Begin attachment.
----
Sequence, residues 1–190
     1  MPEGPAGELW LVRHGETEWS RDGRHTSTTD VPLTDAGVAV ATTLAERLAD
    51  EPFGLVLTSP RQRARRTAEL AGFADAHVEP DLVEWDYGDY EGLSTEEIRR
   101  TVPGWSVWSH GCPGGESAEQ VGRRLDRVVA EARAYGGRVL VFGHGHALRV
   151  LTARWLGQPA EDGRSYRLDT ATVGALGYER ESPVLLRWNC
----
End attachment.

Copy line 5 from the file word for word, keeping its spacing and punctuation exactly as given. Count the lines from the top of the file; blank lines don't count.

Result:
   151  LTARWLGQPA EDGRSYRLDT ATVGALGYER ESPVLLRWNC